In this work, the [InO]+ and [InOH]2+ moieties were constructed to anchor in the channel of the periodic BEA model to represent the Lewis and Brønsted acid sites of In/BEA catalyst, respectively. Moreover, the geometry structures and the electronic structures properties of the two acid sites were extensively investigated, and the main active sites for CH4-SCR over In/BEA catalyst were clarified. In addition, the adsorption behaviors of CH4, NO, NO2, O2, and H2O molecules on the acid sites were carefully studied, because the detailed adsorption characteristics of these reactants and products help to gain insights of the reaction process. The reaction process and the intermediates formed during the process of CH4-SCR were fairly complicated. A variety of key surface intermediates such as CH3, CH3NO, CH3NO2 species, et al., were reported to be observed on In-containing zeolites [10,14,18]. The formation of these intermediates were all associated with the CH4 activation process, and it was regarded as the initial step in CH4-SCR in spite of the restrictions of C–H bond cleavage [7,10]. Some researchers suggested that the presence of NO and NO2 was necessary for the CH4 dissociation process [19,20]. However, this key process has not been fully elucidated for In/BEA catalyst. The key intermediates, CH3NO and CH3NO2 species, which were highly reactive and could quickly convert into N2, CO2, and H2O, were considered to originate from the reactions between the activated CH3 group and NO+/NO2 [21,22,23], but formation processes have not been identified on In/BEA to date. In the present work, the unsolved fundamental questions were carefully explored and the reaction enthalpy was also studied to further illuminate the CH4-SCR process over In/BEA catalyst.

2. Results and Discussion

2.1. The Optimized Structures of BEA Zeolite and In/BEA Model

The chemical formula of the BEA unit cell used in this work was Si64O128 and the calculated dimensions of the unit cell was a = 12.669 Å, b = 12.675 Å, and c = 26.781 Å, which were very close to the experimental values of a = 12.632 Å, b = 12.632 Å, and c = 26.186 Å [24]. The calculated bond length of CH4 and NO were 1.097 and 1.164Å, respectively. The experiment values were reported to be 1.086 Å of gaseous CH4 molecule [24] and 1.151 Å of NO molecule [25]. The GGA slightly overestimated the bond lengths as expected, but the errors produced are within the acceptable range. Therefore, we assume that the calculation parameters set above were reasonable for further calculations.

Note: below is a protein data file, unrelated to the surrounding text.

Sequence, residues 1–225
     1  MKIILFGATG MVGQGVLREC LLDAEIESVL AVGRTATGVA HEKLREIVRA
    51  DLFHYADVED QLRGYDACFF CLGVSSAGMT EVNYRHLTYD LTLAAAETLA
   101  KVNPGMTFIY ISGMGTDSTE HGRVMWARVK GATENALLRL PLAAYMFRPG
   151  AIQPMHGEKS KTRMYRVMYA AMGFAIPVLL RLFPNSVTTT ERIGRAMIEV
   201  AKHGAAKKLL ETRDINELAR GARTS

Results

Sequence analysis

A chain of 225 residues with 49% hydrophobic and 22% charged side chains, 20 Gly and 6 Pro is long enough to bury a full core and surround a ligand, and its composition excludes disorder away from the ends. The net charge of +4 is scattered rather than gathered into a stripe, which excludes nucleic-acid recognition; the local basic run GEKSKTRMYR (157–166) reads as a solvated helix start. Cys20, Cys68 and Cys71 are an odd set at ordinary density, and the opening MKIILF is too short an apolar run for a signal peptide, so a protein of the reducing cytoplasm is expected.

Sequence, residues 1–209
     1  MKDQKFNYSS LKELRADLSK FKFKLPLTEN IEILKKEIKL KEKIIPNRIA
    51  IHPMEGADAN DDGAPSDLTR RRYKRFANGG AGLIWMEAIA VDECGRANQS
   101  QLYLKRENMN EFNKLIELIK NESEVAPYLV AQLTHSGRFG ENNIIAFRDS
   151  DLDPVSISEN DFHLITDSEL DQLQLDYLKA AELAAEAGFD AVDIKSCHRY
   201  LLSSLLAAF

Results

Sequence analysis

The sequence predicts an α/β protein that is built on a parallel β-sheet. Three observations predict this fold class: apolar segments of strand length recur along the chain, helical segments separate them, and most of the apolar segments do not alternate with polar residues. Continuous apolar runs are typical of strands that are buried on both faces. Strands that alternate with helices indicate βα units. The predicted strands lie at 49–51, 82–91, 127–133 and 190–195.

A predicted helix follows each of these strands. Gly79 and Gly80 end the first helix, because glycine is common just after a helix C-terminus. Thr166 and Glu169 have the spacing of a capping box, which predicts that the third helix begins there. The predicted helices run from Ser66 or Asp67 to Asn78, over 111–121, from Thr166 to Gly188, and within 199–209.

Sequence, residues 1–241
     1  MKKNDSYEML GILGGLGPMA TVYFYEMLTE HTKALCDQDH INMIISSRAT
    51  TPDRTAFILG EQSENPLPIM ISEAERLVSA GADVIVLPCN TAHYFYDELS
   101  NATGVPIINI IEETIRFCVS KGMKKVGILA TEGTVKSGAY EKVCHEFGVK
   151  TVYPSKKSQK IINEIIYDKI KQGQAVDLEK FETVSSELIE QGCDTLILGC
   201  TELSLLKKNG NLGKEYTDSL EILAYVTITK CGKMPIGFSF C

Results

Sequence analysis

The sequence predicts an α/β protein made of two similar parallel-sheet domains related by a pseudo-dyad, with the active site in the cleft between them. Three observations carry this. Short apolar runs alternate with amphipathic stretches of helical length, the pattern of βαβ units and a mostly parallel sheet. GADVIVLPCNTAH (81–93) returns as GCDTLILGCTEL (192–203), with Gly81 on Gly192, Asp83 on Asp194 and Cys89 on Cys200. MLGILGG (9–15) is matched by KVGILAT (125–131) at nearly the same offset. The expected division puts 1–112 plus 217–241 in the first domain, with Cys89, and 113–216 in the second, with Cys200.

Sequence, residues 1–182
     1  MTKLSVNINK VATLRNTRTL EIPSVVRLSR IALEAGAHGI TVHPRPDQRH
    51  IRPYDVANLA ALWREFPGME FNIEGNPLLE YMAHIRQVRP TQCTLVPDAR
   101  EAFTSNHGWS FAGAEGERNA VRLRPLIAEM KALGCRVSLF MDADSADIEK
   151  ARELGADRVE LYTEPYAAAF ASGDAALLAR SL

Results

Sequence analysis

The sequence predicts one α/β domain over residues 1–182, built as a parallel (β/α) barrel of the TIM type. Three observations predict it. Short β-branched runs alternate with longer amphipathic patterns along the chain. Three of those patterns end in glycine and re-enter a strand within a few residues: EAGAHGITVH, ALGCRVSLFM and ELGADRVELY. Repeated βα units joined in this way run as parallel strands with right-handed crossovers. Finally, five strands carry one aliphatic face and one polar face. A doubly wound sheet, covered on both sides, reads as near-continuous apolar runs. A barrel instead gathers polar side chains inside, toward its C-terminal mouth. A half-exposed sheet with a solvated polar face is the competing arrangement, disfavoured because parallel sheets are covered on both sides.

The optimized structures of the In/BEA unit cell are shown in Figure 1, and the corresponding bond length and Mulliken charge population are present in Table 1. The bond length of [InO]+ (dIn–O) were slightly elongated after a hydroxyl group was modeled, the value of which increased to 1.954 Å for the B-model, quite longer than that of the L-model (1.872 Å). By contrast, the bond length of In and oxygen atoms coordinated with Al atoms (dIn–O1 = 2.072 Å; dIn–O2 = 2.106 Å) of the B-model were shortened compared with that of the L-model (dIn–O1 = 2.249 Å; dIn–O2 = 2.229 Å). It can be seen from the results of Mulliken charge populations that the charge of Al, O1, and O2 are almost the same between the two models, while the charge between In and O were remarkably different. The qIn and qO were 0.978 and –0.608 e for the L-model, and 1.273 and −0.553 e for the B-model, respectively. The total charge of the acid sites of the L-model and B-model were 0.300 and 1.049 e, respectively. This result suggests a quantity of electrons were transferred to the BEA substrate from the [InO]+ or [InOH]2+ group, and the electrons redistribution would further influence the interactions between the gas molecules and the acid sites.

2.2. The Electronic Structure Analysis for In/BEA Model

As shown in Figure 2, the energy gap between the Lowest Unoccupied Molecular Orbital (LUMO) and the Highest Occupied Molecular Orbital (HOMO) was the largest for the CH4 molecule, indicating its stronger chemical inertness. Furthermore, based on the frontier molecular orbital theory, it was concluded that the electrons density would be transferred from the HOMO of the CH4 or NO molecule to the LUMO of the [InO]+ or [InOH]2+ group due to their lower energy gaps. The energy levels of both the HOMO and LUMO of the L-model were higher than that of the B-model, which suggests that the [InO]+ group might be more reactive than the [InOH]2+ group for the In/BEA catalyst.